Maverick Life, Media

A mystery you won’t easily forget

By Lesley Stones 19 April 2012

It takes a special kind of person to turn mathematics into a theatrical experience. It takes a special kind of audience to appreciate it too, judging by the small gathering of ticket holders for Powerbrain, The Mentalist Sequel. By LESLEY STONES.

Even the title of the show performed by Michael Abrahamson is a bit of a turn-off. It’s a correctly calculated description because this is the second show he has devised, but it does sound deterringly academic.

All the same it is a cerebral, intriguing affair and theatre for thinking people. There are no flying phantoms, glittering costumes or musical crescendos, just one rather nerdy looking man who warms up his mental neurons by running through a few square roots before tackling “something more audacious”.

Since we’re a small audience he asks us all to participate, otherwise there isn’t much of a show. “You are the entertainment, I’m just the facilitator,” he says. Then he starts with a numbers game, and a woman shouts out a number – 87. Within 15 seconds Abrahamson has filled in a grid of 16 squares so each vertical, horizontal and diagonal row adds up to 87. Oh, the central four figures also make 87, as well as the four clusters in each corner.

Ah yes, well anyone could remember the sequence to do that, if they practiced long enough. And that’s the secret really, except it isn’t a secret because Abrahamson keeps telling us. “I’m going to use my skills as a mentalist to get you to do what I want you to do,” he says. “Every member of the audience can do this – it’s skills you can acquire.”

As he eloquently says, “mentalism” uses the five senses to create the illusion of a sixth sense. It isn’t magic or trickery, but intelligence, memory and psychological profiling to help him predict what people will do or say. Which envelope they will chose, which card they will select.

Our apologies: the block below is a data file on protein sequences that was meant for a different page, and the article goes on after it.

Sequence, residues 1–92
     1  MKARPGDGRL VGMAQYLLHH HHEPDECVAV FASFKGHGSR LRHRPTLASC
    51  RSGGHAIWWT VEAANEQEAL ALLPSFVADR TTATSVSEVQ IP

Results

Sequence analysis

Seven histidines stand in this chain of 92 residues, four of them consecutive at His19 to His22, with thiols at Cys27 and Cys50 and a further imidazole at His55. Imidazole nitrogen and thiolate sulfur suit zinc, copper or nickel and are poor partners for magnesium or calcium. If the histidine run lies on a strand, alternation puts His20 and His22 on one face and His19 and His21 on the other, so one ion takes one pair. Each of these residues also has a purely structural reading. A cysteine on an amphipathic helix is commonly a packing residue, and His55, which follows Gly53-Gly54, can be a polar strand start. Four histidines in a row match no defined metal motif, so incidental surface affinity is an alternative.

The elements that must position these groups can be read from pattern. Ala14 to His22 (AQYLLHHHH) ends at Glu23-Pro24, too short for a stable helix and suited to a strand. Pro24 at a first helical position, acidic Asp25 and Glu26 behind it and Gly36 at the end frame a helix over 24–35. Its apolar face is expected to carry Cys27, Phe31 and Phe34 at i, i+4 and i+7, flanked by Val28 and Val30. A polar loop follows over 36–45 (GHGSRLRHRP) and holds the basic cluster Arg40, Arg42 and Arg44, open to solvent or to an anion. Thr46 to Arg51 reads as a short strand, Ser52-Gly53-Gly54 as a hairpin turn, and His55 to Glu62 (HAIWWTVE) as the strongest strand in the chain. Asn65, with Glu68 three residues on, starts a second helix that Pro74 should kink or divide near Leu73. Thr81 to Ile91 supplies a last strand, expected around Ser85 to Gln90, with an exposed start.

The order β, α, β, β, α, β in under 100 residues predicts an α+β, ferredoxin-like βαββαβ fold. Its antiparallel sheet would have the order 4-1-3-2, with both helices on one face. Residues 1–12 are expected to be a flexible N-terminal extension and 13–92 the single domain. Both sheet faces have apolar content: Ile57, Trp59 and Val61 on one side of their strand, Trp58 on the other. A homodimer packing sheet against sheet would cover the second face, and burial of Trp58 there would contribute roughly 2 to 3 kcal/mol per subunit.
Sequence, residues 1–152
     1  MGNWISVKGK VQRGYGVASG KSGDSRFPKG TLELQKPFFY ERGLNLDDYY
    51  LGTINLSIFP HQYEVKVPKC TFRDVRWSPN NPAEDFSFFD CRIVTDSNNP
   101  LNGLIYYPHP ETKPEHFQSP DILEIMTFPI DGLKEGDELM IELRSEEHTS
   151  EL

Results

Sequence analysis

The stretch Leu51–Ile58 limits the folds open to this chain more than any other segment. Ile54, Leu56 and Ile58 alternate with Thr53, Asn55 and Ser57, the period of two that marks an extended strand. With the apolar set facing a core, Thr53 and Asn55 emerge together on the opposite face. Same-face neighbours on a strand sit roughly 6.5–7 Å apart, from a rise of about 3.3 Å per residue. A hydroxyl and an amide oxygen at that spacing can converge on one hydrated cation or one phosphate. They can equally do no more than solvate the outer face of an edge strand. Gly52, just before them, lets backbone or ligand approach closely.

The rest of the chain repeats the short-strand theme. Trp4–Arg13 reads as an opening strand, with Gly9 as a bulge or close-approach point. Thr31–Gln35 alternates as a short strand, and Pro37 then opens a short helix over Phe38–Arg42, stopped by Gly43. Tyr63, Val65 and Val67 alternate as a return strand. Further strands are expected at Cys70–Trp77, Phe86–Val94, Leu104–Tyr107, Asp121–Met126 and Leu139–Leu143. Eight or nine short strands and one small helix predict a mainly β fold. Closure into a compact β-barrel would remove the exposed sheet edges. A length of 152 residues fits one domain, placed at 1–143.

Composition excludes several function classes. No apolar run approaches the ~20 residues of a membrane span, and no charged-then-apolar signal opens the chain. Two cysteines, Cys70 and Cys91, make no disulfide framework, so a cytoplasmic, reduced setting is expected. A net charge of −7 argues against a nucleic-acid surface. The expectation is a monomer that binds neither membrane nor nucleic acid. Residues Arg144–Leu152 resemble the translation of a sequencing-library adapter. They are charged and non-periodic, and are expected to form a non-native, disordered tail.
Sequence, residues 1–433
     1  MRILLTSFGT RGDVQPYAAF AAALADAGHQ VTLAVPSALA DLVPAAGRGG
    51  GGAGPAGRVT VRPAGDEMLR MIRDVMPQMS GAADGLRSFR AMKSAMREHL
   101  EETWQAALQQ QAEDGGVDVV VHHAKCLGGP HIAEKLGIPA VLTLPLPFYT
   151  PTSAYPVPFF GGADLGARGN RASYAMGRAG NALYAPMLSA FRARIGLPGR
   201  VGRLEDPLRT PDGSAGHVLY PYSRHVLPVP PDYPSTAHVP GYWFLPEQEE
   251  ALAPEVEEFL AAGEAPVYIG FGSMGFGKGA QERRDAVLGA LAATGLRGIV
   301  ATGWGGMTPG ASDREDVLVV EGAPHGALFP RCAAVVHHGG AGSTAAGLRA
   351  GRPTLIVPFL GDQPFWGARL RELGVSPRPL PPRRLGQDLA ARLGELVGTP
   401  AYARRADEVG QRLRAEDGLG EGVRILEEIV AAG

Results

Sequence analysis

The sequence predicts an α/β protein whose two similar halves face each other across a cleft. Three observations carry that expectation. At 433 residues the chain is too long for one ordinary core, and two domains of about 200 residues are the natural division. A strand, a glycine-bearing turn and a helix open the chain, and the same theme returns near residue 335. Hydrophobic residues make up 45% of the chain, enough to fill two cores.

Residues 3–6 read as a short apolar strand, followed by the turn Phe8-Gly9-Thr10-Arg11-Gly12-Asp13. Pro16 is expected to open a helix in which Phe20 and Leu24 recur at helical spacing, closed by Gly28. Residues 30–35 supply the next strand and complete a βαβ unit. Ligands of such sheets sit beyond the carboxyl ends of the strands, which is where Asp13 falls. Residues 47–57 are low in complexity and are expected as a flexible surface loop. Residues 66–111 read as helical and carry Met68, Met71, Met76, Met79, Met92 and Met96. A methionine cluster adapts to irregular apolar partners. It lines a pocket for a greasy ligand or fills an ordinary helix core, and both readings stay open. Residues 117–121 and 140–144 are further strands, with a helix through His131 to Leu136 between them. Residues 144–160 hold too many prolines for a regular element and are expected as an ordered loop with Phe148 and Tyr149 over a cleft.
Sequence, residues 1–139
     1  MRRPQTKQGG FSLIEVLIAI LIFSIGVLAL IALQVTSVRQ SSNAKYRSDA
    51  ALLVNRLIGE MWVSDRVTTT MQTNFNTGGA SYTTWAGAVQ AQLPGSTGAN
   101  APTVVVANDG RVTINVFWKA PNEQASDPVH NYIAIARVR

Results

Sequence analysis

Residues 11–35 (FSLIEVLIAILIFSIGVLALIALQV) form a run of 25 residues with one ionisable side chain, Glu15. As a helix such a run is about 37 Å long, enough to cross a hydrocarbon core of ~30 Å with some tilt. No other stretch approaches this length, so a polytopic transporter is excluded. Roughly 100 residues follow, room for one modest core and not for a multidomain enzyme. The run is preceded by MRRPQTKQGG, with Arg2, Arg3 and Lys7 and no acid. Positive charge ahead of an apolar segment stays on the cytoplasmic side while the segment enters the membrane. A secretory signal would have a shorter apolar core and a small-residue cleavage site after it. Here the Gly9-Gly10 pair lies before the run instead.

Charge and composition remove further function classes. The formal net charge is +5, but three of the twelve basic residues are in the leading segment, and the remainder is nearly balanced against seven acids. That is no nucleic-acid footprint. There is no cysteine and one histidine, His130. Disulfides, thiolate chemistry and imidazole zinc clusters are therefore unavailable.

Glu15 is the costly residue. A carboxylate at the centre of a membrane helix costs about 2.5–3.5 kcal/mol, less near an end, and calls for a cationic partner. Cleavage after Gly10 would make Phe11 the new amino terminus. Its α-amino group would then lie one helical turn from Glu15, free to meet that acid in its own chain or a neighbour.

Next he puts a written prediction into a locked box and tells us all will be revealed at the end of the show, after he has made us think of things he has decided in advance. Later he does just that, pulling out the document that recaps the feats he has performed. The colour we all chose on our audience participation cards was indeed green. The man’s name written by someone in the audience was James. Amazingly, the page someone picked at random from a phone book did end with the name and phone number Abrahamson had predicted.

We laugh, we gasp and scratch our heads. Powerbrain will entertain and fascinate anyone with a sense of curiosity and a willingness to stretch their ideas of what to expect from a night at the theatre.

Stupidly, a very minor thing that impressed me was his ability to remember the names of the people who came on stage. As a dunce who forgets a name the second I hear it, I was struck by how he remembered the names of his impromptu helpers.

Abrahamson’s biography reveals he teaches maths, which must be absolutely enthralling for his students. He also runs courses to help people improve memory. I’d sign up, but I’m sure I’d forget to go. DM

Powerbrain runs at the University of Johannesburg Arts Centre, on Kingsway Campus until 21 April.


Watch Pauli van Wyk’s Cat Play The Piano Here!

No, not really. But now that we have your attention, we wanted to tell you a little bit about what happened at SARS.

Tom Moyane and his cronies bequeathed South Africa with a R48-billion tax shortfall, as of February 2018. It's the only thing that grew under Moyane's tenure... the year before, the hole had been R30.7-billion. And to fund those shortfalls, you know who has to cough up? You - the South African taxpayer.

It was the sterling work of a team of investigative journalists, Scorpio’s Pauli van Wyk and Marianne Thamm along with our great friends at amaBhungane, that caused the SARS capturers to be finally flushed out of the system. Moyane, Makwakwa… the lot of them... gone.

But our job is not yet done. We need more readers to become Maverick Insiders, the friends who will help ensure that many more investigations will come. Contributions go directly towards growing our editorial team and ensuring that Daily Maverick and Scorpio have a sustainable future. We can’t rely on advertising and don't want to restrict access to only those who can afford a paywall subscription. Membership is about more than just contributing financially – it is about how we Defend Truth, together.

So, if you feel so inclined, and would like a way to support the cause, please join our community of Maverick Insiders.... you could view it as the opposite of a sin tax. And if you are already Maverick Insider, tell your mother, call a friend, whisper to your loved one, shout at your boss, write to a stranger, announce it on your social network. The battle for the future of South Africa is on, and you can be part of it.


Please note you must be a Maverick Insider to comment. Sign up here or if you are already an Insider.


Julius Malema, a forever ten percent man?

By Stephen Grootes

"Whatever the cost of our libraries the price is cheap compared to that of an ignorant nation." ~ Walter Cronkite